AI cameras used to detect train passengers’ emotions, Five Eyes Data-Sharing, Free Speech at Risk

1 month ago

It has been revealed that train passengers across the UK had their emotions recorded by AI cameras without their knowledge.

Images of passengers were analyzed by Amazon Rekognition software, which can detect emotions such as happiness, sadness, and hunger.

Network Rail took photographs of people passing through ticket barriers as part of a trial started in 2022, according to documents obtained by the civil liberties group Big Brother Watch.

The system, tested at stations like London Euston, Glasgow, Leeds, and Reading, also recorded demographic details such as gender and age range.

Documents obtained through a freedom of information (FOI) request revealed that Network Rail said this analysis could be used to "measure satisfaction" and "maximize advertising and retail revenue."

The cameras were part of a larger trial using AI to address issues like trespassing, overcrowding, bicycle theft, and slippery floors.

Jake Hurfurt, head of research and investigations at Big Brother Watch, stated: “Network Rail had no right to deploy discredited emotion recognition technology against unwitting commuters at some of Britain’s biggest stations, and I have submitted a complaint to the Information Commissioner about this trial.

“It is alarming that as a public body, it decided to conduct a large-scale trial of Amazon-made AI surveillance in several stations without public awareness, especially when Network Rail mixed safety tech with pseudoscientific tools and suggested the data could be given to advertisers.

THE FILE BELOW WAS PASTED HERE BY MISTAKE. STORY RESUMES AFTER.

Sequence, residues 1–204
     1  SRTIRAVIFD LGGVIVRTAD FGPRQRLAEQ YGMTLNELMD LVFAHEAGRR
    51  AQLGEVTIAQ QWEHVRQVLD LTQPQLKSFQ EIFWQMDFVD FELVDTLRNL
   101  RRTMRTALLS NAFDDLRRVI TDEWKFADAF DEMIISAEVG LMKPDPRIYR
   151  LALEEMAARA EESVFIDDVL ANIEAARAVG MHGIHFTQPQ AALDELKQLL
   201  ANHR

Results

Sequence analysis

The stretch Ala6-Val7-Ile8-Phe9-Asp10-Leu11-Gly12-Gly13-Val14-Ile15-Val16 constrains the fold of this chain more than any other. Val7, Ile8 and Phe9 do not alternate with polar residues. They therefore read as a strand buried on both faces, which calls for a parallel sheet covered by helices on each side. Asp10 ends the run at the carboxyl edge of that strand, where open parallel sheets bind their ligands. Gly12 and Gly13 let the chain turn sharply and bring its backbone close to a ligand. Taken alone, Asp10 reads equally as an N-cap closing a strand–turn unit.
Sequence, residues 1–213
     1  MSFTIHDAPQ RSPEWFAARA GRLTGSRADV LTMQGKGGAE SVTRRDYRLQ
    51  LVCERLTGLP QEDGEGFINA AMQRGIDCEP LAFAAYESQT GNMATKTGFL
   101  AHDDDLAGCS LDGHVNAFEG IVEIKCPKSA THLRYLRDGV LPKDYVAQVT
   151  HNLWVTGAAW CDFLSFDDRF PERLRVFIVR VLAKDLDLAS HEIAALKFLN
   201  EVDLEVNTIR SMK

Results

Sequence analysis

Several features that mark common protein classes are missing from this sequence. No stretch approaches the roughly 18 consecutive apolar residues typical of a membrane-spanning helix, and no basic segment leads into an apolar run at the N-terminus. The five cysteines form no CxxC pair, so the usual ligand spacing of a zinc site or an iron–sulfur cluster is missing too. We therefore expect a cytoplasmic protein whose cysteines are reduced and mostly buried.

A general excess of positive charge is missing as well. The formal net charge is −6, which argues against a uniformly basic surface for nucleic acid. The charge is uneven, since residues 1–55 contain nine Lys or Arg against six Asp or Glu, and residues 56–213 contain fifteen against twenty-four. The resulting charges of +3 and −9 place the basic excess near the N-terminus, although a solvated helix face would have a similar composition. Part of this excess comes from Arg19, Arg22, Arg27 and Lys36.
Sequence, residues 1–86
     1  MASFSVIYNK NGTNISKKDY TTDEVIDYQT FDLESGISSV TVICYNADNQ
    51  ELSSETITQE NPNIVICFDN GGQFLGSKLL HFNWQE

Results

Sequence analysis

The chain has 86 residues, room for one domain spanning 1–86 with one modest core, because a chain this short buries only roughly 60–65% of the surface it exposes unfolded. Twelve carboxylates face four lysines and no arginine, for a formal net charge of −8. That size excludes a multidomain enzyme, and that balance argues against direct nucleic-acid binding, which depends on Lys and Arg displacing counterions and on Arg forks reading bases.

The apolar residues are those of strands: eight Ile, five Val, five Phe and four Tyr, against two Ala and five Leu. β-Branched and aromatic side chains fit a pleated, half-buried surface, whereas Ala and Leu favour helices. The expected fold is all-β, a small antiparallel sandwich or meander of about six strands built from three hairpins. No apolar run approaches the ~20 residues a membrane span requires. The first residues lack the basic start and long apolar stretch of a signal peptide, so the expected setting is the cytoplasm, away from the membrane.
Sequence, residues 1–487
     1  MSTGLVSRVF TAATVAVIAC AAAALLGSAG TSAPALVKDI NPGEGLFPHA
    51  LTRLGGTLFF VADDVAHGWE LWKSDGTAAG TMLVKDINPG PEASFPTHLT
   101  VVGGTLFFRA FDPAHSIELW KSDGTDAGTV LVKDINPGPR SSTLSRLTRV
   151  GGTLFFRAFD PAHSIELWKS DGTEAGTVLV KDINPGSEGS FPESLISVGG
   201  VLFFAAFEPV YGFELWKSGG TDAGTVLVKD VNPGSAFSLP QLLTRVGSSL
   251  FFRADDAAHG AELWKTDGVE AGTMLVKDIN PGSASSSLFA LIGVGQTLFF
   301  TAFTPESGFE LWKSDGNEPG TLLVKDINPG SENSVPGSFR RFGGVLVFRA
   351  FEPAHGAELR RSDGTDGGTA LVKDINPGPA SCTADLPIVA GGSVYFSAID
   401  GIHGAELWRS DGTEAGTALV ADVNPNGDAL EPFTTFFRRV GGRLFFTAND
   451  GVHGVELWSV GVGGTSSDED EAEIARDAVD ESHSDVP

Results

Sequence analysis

“Technology can help make the railways safer, but there needs to be a public debate about the necessity and proportionality of the tools used.

“AI-powered surveillance could put all our privacy at risk, especially if misused, and Network Rail’s disregard of those concerns shows a contempt for our rights.”

A Network Rail spokesperson responded: “We take the security of the rail network extremely seriously and use a range of advanced technologies across our stations to protect passengers, our colleagues, and the railway infrastructure from crime and other threats.

“When we deploy technology, we work with the police and security services to ensure that we’re taking proportionate action, and we always comply with the relevant legislation regarding the use of surveillance technologies.”

According to The Times, the AI trial continues, but the part analyzing emotions and demographics has ended.

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